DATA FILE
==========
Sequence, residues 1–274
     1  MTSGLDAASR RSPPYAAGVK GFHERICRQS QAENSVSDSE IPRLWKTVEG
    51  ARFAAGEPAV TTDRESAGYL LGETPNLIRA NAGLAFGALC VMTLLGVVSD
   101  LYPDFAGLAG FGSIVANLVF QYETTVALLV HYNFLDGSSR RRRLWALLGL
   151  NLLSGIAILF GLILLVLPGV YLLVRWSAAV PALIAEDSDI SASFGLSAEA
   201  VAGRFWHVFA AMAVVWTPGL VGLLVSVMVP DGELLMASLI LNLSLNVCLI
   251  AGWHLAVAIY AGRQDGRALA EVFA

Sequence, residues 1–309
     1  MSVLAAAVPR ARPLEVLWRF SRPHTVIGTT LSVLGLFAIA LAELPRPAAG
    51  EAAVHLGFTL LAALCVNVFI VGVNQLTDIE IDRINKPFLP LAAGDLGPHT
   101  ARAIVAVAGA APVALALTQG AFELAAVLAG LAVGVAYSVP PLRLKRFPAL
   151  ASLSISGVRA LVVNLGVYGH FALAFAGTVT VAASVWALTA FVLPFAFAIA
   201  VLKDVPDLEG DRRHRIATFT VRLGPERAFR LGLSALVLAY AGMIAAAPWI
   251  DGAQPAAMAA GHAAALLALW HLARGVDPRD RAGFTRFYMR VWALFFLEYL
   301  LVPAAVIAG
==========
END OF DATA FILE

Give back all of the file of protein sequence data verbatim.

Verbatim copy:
Sequence, residues 1–274
     1  MTSGLDAASR RSPPYAAGVK GFHERICRQS QAENSVSDSE IPRLWKTVEG
    51  ARFAAGEPAV TTDRESAGYL LGETPNLIRA NAGLAFGALC VMTLLGVVSD
   101  LYPDFAGLAG FGSIVANLVF QYETTVALLV HYNFLDGSSR RRRLWALLGL
   151  NLLSGIAILF GLILLVLPGV YLLVRWSAAV PALIAEDSDI SASFGLSAEA
   201  VAGRFWHVFA AMAVVWTPGL VGLLVSVMVP DGELLMASLI LNLSLNVCLI
   251  AGWHLAVAIY AGRQDGRALA EVFA

Sequence, residues 1–309
     1  MSVLAAAVPR ARPLEVLWRF SRPHTVIGTT LSVLGLFAIA LAELPRPAAG
    51  EAAVHLGFTL LAALCVNVFI VGVNQLTDIE IDRINKPFLP LAAGDLGPHT
   101  ARAIVAVAGA APVALALTQG AFELAAVLAG LAVGVAYSVP PLRLKRFPAL
   151  ASLSISGVRA LVVNLGVYGH FALAFAGTVT VAASVWALTA FVLPFAFAIA
   201  VLKDVPDLEG DRRHRIATFT VRLGPERAFR LGLSALVLAY AGMIAAAPWI
   251  DGAQPAAMAA GHAAALLALW HLARGVDPRD RAGFTRFYMR VWALFFLEYL
   301  LVPAAVIAG